I’ve been working on a new project called The Grantidote. Last week it took me west, to where I come from.
The Grantidote’s centering women, pausing to understand how a woman’s wholeness is made up of fragments big and small, some chosen, others delivered by circumstance.
The Grantidote’s about acknowledging the marks women leave on our world. I believe by fully registering women’s impact we begin to rectify an error that’s made how we organise, experience and understand humanity feel ill-fitting and wrong.
Toxic masculinity needn’t control the whole narrative, after all.
Hop on my hashtags too, won’t you? #52and40, Instagram and #TheGrantidote
Things I didn’t know last month;
- There are jellyfish all round the coast of Denmark – my husband got stung every other summer as a kid playing in the viking sea.
- The Glasgow Gallery of Modern Art was originally built as a mansion for William Cunninghame in 1778, for £10,000. Cunninghame was a Tobacco Lord who benefited hugely from trade winds, the hideousness of the triangular slave trade and the connections of his prosperous merchant family.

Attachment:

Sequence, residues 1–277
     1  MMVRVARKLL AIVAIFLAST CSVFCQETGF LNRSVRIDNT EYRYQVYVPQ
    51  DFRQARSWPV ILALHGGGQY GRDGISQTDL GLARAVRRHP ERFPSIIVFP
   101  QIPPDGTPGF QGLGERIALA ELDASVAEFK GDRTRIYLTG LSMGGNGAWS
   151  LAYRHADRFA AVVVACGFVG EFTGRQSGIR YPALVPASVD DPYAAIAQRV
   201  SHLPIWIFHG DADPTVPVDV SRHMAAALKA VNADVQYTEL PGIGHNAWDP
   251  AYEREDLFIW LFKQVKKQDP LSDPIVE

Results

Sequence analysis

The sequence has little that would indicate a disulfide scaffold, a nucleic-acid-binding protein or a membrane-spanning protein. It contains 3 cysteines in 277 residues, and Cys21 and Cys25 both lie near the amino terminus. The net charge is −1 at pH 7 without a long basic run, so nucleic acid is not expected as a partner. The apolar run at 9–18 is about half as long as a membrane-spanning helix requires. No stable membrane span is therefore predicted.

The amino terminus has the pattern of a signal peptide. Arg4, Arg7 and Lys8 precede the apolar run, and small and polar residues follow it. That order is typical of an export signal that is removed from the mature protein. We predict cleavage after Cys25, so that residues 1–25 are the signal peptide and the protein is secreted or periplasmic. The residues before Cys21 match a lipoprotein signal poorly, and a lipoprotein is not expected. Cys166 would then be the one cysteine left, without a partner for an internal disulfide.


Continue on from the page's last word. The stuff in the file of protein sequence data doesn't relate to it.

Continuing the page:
- For the worse or better, it only takes two people to start a movement.
Read more about #52and40 here.
Autumn has arrived and keeps inviting summer back onto the stage for another bow and enthusiastic applause. My thoughts are turning to putting the garden to bed for winter and revving up for draft 2 of my big writing project; editing workshops await (yay!)
We moseyed with friends in Glasgow at the weekend, lightly hungover and wondering what aliens would make of museums. Subjectivity’s a theme I keep coming back to when considering what’s gross or what’s fascinating, necessary or enlightening.
I’ve thoroughly enjoyed my milestone birthday. Nothing to fear here, at forty.
Read more about 52and40 here.
It’s eighteen years since my husband (then fiancé) rented a top floor room on Polwarth Street while he worked a contract in Glasgow’s Atlantic Quay. I’d visit every few weekends, firstly from Aberdeen then, after the flitting, from Eigg.
We’d walk hand in hand into town taking in houses, flats, shops, pubs, trees, Kelvingrove Park and museum.
In my memories, there are days when it’s always crisp and sparkling with frost and December fairy lights in Glasgow. I walked the walk again last week, just to check I was still me.